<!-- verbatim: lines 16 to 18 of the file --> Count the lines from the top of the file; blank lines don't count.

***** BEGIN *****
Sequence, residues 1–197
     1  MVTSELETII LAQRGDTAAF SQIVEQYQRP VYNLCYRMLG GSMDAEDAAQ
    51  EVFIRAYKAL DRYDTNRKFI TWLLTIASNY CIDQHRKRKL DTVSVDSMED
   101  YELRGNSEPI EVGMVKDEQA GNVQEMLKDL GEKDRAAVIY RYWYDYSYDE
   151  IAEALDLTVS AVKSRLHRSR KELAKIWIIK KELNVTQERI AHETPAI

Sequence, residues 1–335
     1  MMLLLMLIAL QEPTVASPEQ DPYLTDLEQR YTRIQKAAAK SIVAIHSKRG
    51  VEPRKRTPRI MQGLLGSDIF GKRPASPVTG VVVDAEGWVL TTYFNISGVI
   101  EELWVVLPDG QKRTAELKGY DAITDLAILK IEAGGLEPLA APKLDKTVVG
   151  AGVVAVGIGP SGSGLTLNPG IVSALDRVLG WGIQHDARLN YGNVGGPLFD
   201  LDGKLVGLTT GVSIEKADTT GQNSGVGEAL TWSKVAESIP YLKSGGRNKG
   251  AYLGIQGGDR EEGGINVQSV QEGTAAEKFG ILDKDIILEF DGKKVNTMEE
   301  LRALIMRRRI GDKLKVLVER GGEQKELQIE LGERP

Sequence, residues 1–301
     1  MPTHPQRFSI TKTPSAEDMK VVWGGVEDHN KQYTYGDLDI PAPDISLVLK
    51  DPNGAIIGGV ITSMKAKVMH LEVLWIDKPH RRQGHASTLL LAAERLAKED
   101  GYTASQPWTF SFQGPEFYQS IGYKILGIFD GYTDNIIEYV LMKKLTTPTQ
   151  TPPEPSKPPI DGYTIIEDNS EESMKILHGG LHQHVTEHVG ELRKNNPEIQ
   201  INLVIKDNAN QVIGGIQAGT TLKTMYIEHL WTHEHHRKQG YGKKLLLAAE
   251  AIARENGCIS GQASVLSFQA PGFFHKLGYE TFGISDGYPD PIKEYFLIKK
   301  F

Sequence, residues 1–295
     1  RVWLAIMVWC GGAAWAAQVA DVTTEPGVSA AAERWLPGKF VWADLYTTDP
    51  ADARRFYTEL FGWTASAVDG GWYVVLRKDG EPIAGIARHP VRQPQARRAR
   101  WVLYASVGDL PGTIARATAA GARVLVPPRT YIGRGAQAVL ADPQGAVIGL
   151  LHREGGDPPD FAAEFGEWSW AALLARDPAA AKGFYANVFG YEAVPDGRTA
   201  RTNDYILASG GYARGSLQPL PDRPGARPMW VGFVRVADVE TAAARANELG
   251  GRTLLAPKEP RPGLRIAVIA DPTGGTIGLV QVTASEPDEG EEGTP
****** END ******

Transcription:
    51  DPNGAIIGGV ITSMKAKVMH LEVLWIDKPH RRQGHASTLL LAAERLAKED
   101  GYTASQPWTF SFQGPEFYQS IGYKILGIFD GYTDNIIEYV LMKKLTTPTQ
   151  TPPEPSKPPI DGYTIIEDNS EESMKILHGG LHQHVTEHVG ELRKNNPEIQ